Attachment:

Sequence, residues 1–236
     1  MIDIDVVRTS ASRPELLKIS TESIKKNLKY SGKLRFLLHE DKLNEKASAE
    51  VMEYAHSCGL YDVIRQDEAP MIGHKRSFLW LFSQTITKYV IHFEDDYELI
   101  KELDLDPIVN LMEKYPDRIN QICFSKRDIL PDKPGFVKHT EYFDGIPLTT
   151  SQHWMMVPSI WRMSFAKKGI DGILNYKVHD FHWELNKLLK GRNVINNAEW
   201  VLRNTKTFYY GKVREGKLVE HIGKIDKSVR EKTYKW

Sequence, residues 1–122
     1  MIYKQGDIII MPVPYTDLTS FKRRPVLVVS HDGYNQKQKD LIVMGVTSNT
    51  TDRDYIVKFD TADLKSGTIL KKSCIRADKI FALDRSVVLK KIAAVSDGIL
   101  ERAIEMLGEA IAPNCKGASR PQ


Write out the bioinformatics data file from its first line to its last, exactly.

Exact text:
Sequence, residues 1–236
     1  MIDIDVVRTS ASRPELLKIS TESIKKNLKY SGKLRFLLHE DKLNEKASAE
    51  VMEYAHSCGL YDVIRQDEAP MIGHKRSFLW LFSQTITKYV IHFEDDYELI
   101  KELDLDPIVN LMEKYPDRIN QICFSKRDIL PDKPGFVKHT EYFDGIPLTT
   151  SQHWMMVPSI WRMSFAKKGI DGILNYKVHD FHWELNKLLK GRNVINNAEW
   201  VLRNTKTFYY GKVREGKLVE HIGKIDKSVR EKTYKW

Sequence, residues 1–122
     1  MIYKQGDIII MPVPYTDLTS FKRRPVLVVS HDGYNQKQKD LIVMGVTSNT
    51  TDRDYIVKFD TADLKSGTIL KKSCIRADKI FALDRSVVLK KIAAVSDGIL
   101  ERAIEMLGEA IAPNCKGASR PQ